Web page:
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A man by the name of Daniel Godwin, in the lower part of Delaware, had a business of buying slaves running; taking the risk of losing the small sums paid for them under such circumstances. In the year 1806, he purchased in this way a slave named Ezekiel, familiarly called Zeke. He went to Philadelphia, and called on Isaac T. Hopper; thinking if he knew where the man was, he would be glad to have his freedom secured on moderate terms. [134] While they Were talking together, a black man happened to walk in, and leaning on the counter looked up in Mr. Godwin's face all the time he was telling the story of his bargain When he had done speaking, he said, ‘How do you do, Mr. Godwin? Don't you know me?’

The speculator answered that he did not.

‘Then you don't remember a man that lived with your neighbor, Mr.——?’ continued he.

Mr. Godwin was at first puzzled to recollect whom he meant; but when he had specified the time, and various other particulars, he said he did remember such a person.

‘Well’ answered the black man, ‘I am he; and I am Zeke's brother.’

The Speculator inquired whether he knew where he was. he replied, ‘O yes, Mr. Godwin, I know where he is, well enough. But I'm sorry you've bought Zeke. You'll never make anything out of him. A bad speculation, Mr. Godwin.’

‘Why, what's the matter with Zeke?’ asked the trader.

‘O, these blacks come to Philadelphia and they get into bad company,’ replied he. ‘They are afraid to be seen in the day-time, and so they go prowling about in the night. I'm very sorry you've [135] bought Zeke. He'll never do you one cent's worth of good. A bad speculation, Mr. Godwin.’

The prospect seemed rather discouraging, and the trader said, ‘Come now, suppose you buy Zeke yourself? I'll sell him low.’

‘If I bought him, I should only have to maintain him into the bargain,’ replied the black man. ‘He's my brother, to be sure; but then he'll never be good for anything.’

‘Perhaps he would behave better if he was free,’ urged Mr. Godwin.

‘That's the only chance there is of his ever doing any better,’ responded the colored man. ‘But I'm very doubtful about it. If I should make up my mind to give him a chance, what would you be willing to sell him for?’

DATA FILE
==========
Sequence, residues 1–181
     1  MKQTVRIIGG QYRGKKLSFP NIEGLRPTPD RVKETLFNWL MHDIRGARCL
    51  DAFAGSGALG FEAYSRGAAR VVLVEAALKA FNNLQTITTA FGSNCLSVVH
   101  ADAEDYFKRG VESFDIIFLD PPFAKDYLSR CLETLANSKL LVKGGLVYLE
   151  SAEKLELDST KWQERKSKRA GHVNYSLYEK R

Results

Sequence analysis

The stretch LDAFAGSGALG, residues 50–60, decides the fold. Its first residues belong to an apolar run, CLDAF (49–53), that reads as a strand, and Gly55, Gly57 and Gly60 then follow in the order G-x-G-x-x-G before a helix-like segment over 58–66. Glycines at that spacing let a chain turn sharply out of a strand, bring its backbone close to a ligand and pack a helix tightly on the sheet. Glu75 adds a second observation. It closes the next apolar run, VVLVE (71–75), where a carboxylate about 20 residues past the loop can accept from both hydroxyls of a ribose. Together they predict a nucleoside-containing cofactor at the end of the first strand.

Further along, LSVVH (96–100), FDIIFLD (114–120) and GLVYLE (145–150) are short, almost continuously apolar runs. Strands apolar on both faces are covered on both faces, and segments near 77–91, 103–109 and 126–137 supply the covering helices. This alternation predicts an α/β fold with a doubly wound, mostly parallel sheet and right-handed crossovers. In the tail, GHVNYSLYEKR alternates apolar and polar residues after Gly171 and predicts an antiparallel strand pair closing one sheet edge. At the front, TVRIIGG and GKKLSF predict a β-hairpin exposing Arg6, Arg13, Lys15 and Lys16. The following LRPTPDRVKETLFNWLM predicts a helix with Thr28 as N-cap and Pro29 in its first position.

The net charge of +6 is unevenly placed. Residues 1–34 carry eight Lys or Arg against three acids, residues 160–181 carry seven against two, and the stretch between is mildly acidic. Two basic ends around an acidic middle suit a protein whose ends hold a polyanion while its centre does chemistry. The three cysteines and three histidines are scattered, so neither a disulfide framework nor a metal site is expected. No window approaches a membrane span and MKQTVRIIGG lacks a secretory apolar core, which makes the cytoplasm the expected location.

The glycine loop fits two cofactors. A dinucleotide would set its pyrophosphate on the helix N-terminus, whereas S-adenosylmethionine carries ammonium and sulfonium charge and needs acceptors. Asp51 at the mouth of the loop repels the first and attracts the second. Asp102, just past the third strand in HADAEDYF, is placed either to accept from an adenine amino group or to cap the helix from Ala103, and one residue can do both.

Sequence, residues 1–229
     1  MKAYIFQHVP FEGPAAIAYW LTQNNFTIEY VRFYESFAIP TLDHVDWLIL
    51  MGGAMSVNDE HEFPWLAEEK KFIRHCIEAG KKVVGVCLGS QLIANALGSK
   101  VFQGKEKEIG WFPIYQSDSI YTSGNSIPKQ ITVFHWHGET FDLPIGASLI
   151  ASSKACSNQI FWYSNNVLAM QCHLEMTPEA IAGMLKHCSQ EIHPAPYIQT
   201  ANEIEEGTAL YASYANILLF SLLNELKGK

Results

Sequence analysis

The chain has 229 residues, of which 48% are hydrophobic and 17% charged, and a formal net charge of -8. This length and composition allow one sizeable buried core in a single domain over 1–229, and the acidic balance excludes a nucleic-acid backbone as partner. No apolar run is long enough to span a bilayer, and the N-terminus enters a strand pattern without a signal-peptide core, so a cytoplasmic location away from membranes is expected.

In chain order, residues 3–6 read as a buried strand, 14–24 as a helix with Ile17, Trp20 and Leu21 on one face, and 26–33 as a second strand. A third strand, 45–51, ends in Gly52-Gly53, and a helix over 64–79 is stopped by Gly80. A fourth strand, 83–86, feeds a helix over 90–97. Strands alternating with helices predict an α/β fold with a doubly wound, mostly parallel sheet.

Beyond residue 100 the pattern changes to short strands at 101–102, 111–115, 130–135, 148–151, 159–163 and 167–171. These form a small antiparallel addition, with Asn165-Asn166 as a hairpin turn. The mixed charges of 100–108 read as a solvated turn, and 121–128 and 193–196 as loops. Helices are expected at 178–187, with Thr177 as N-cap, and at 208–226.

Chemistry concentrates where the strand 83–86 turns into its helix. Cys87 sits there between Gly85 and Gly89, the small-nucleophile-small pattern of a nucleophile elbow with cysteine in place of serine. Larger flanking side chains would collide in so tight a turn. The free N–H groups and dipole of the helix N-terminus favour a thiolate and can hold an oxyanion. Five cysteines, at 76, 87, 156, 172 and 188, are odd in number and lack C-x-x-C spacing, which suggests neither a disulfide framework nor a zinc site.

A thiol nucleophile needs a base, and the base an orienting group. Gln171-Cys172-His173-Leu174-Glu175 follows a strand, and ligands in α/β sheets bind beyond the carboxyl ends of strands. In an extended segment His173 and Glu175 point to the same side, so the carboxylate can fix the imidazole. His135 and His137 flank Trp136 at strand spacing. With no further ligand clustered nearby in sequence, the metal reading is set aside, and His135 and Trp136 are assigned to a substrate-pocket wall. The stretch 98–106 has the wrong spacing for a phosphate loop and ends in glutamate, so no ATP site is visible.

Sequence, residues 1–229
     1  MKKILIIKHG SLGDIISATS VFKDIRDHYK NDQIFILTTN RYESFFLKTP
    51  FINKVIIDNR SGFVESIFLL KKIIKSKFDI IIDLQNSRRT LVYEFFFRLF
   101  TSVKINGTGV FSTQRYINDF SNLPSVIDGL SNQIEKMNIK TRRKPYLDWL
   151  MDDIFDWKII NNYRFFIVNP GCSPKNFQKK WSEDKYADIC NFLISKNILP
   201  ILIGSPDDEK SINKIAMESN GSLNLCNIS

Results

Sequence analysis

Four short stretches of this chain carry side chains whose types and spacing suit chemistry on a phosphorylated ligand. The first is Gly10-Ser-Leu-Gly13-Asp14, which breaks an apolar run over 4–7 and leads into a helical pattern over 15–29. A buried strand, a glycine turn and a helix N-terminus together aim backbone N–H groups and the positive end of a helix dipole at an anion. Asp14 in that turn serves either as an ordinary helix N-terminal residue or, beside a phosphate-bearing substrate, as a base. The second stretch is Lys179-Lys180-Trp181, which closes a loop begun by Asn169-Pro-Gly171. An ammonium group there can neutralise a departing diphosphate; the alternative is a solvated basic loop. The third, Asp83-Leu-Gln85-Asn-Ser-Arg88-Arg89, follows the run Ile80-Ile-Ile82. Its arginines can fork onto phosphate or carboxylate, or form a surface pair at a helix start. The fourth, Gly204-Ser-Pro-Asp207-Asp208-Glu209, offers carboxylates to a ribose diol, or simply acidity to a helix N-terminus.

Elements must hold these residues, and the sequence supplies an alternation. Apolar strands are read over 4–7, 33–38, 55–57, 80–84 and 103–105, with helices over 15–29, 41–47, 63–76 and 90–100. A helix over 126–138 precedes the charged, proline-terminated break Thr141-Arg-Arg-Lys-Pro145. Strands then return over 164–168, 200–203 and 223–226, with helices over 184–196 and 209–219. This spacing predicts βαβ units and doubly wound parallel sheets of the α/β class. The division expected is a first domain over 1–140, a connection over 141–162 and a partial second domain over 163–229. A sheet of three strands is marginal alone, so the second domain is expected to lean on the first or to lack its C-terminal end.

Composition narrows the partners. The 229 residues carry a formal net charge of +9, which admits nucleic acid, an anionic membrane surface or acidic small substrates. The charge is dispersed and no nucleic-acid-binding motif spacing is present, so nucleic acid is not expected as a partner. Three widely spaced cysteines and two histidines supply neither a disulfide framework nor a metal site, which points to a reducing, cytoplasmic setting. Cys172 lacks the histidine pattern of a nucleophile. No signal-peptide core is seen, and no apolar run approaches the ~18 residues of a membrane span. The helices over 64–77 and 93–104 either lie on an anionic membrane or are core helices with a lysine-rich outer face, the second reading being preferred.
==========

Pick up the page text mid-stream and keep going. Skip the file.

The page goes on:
The speculator named one hundred and fifty dollars.

‘Poh! Poh!’ exclaimed the other. ‘I tell you Zeke will never be worth a cent to you or anybody else. A hundred and fifty dollars, indeed!’

The parley continued some time longer, and the case seemed such a hopeless one, that Mr. Godwin finally agreed to take sixty dollars. The colored man went off, and soon returned with the required sum. Isaac T. Hopper drew up a deed of manumission, in which the purchaser requested him to insert that Zeke was now commonly called Samuel [136] Johnson. The money was paid, and the deed signed with all necessary formalities. When the business was entirely completed, the colored man said, ‘Zeke is now free is he?’ When Mr. Godwin answered ‘Yes,’ he turned to Friend Hopper and repeated the question. ‘Zeke is free, and nobody can take him; can they, Mr. Hopper? If he was here, he would be in no danger; would he?’

Friend Hopper replied, ‘Wherever Zeke may now be, I assure thee he is free.’

Being thus assured, the black man made a low bow, and with a droll expression of countenance said ‘I hope you are very well, Mr. Godwin I am happy to see you, sir. I am Zeke!’

The speculator, finding himself thus outwitted flew into a violent rage. He seized Zeke by the collar, and began to threaten and abuse him. But the colored man shook his fist at him, and said, ‘If you don't let me go, Mr. Godwin, I'll knock you down. I'm a free citizen of these United States; and I won't be insulted in this way by anybody.’

Friend Hopper interfered between them, and Mr. Godwin agreed to go before a magistrate to have the case examined. When the particulars had been recounted, the magistrate answered, ‘You have been outwitted, sir. Zeke is now as free as any man in this room.’

There was something so exhilarating in the consciousness [137] of being his own man, that Zeke began to ‘feel his oats,’ as the saying is. He said to the magistrate, ‘May it please your honor to grant me a warrant against Mr. Godwin? He violently seized me by the collar; thus committing assault and battery on a free citizen of these United States.’

Friend Hopper told him he had better be satisfied with that day's work, and let Mr. Godwin go home. He yielded to this expostulation, though he might have made considerable trouble by insisting upon retaliation.

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